Archived Story

Editorial: United Methodists take brave stand

Published 10:24am Monday, June 11, 2012

It isn’t much of a shocker that most of Minnesota’s liberal Lutheran synods oppose a marriage amendment banning same-sex marriage. That’s not far afield from the progressive stance on gay and lesbian issues of the larger denomination — the Evangelical Lutheran Church in America.

But last week’s 400-169 vote to oppose the marriage amendment by the policymaking body of Minnesota’s United Methodists stands in marked contrast to the more conservative stance of their denomination. The United Methodist Book of Discipline says “the practice of homosexuality is incompatible with Christian teaching.”

Last month, the denomination’s General Conference — its governing body — reaffirmed that teaching and declined to vote on same-sex marriage or whether to ordain gay and lesbian clergy. The ELCA, on the other hand, made headlines in 2009 when it decided to allow gays and lesbians in committed relationships to serve as clergy.

The 4.5-million-member ELCA is the nation’s largest Lutheran denomination, and the United Methodist Church (7.8 million) is the biggest Methodist body, with more than 70,000 Minnesota members. A new poll from Public Policy Polling shows that 49 percent of Minnesotans oppose the marriage amendment, while 43 percent favor it and others remain unsure. (The margin of sampling error is plus or minus 3.1 percentage points.)

United Methodists do not officially sanction ceremonies to bless same-sex unions, while the ELCA says that congregations may offer ways to “recognize, support and hold accountable lifelong, monogamous, same-gender relationships.”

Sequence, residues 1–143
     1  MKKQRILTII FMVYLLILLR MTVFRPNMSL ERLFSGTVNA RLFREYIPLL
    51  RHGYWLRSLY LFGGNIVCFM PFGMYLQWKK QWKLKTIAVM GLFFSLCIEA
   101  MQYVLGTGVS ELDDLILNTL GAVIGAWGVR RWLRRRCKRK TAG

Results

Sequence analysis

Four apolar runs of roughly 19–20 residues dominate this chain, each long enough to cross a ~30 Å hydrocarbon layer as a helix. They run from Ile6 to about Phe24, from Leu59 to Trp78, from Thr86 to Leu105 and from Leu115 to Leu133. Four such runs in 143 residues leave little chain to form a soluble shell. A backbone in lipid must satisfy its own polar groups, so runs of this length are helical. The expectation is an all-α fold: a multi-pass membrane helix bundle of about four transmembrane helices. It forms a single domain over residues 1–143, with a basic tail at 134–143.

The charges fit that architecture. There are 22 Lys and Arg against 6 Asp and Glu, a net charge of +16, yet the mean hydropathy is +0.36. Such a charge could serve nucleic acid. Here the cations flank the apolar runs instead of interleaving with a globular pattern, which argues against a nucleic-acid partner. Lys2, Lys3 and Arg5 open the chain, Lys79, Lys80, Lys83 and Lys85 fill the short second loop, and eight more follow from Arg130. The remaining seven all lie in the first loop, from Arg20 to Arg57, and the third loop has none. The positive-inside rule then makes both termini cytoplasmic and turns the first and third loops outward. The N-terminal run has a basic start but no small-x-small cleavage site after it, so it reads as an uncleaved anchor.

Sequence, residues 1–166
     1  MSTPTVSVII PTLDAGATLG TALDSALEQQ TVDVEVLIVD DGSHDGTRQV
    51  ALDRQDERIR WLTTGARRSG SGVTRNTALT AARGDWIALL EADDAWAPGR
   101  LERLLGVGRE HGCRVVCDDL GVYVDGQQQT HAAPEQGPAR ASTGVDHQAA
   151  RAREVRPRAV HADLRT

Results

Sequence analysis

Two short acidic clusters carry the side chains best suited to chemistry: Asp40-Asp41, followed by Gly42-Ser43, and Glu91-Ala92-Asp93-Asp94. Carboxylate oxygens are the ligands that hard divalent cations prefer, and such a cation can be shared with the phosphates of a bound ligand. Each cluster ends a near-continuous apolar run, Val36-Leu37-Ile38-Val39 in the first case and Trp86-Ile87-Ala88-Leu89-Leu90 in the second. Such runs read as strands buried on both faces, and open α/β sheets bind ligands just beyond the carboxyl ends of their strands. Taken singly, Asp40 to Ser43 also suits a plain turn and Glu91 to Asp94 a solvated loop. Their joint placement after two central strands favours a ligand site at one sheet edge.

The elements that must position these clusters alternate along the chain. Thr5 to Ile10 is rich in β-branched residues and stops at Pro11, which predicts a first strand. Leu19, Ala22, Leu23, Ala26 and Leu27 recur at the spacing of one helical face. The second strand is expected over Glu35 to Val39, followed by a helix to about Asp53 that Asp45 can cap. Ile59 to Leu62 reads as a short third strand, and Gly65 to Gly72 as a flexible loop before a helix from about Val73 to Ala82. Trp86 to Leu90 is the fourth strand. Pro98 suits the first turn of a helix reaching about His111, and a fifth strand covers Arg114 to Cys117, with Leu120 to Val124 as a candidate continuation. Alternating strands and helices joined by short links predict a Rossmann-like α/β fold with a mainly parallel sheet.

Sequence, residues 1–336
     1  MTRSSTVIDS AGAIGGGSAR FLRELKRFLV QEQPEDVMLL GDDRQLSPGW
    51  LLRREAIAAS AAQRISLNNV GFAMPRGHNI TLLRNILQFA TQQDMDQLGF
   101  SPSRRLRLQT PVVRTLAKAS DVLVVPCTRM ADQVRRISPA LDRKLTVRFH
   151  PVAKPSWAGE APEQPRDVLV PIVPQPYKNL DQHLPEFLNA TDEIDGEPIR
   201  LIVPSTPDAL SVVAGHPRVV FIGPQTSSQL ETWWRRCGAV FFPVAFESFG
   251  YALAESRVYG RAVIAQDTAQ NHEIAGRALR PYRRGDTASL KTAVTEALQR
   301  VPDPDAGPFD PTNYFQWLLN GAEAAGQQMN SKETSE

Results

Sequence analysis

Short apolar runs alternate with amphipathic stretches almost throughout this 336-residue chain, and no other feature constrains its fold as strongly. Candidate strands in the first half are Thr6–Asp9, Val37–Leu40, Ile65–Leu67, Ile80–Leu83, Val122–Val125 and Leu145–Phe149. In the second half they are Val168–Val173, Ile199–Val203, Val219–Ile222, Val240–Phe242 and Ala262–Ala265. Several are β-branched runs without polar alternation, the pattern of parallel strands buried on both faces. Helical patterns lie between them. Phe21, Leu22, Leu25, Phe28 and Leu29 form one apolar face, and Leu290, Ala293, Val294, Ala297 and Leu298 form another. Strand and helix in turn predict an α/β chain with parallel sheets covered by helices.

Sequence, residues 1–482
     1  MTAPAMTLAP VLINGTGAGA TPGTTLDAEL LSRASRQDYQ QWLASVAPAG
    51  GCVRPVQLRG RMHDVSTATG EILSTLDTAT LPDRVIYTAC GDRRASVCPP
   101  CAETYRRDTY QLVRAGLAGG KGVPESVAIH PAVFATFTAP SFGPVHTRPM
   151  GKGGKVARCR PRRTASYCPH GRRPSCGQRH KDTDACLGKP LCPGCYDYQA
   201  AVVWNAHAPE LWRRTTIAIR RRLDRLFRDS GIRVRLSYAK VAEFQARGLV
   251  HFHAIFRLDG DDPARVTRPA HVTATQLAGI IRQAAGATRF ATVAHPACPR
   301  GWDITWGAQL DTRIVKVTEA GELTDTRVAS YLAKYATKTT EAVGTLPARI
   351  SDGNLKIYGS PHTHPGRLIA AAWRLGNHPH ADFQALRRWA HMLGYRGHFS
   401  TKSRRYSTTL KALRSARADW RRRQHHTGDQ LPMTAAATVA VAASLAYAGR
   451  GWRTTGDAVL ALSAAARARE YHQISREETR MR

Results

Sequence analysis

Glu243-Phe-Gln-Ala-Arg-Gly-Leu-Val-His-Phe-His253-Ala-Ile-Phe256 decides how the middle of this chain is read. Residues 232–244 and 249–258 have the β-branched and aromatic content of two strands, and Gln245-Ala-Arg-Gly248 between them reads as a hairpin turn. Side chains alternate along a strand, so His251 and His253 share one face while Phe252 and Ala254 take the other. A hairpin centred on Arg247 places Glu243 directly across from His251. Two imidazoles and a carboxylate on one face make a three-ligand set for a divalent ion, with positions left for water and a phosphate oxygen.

Many United Methodist clergy members across the country say they will break or challenge denominational rules in hopes of expediting a change in policy, which also happened in the ELCA. United Methodists face an uphill battle, however.

Like other Christian groups, they’re declining in the United States, but surging in Africa and Asia, where vigorous antigay attitudes among religious groups prevail. At the same time, the Book of Discipline states that churches should not condemn lesbian and gay members but should be in ministry with everyone.

Given that context, however, Minnesota’s United Methodists’ stance against changing the state Constitution to define marriage as a union between one man and one woman is particularly courageous.

— Minneapolis Star Tribune, June 5

  • Scott Bute

    Those of us who favor the amendment are doing so because we DO NOT believe that judges or legislatures have the power or right to redefine marriage. There are gay people who actually agree with us on this but they are never heard from by the press. It is easy to go off in 100 different directions with this issue and start name calling but the bottom line is: this is not about condemning anyone who happens to be gay, but protecting the definition of marriage – period.

  • Lisa Semple

    The definition as you see it, right? Why do Christians think they are the bottom line when it comes to other people’s lives?

  • Al Helgerson

    Good question Lisa!
    As a Christian myself, I know the bible can and is used to prove about any point a person wants.
    As per the marriage deal, who am I to question anyone the joys or misfortunes of a life of marriage?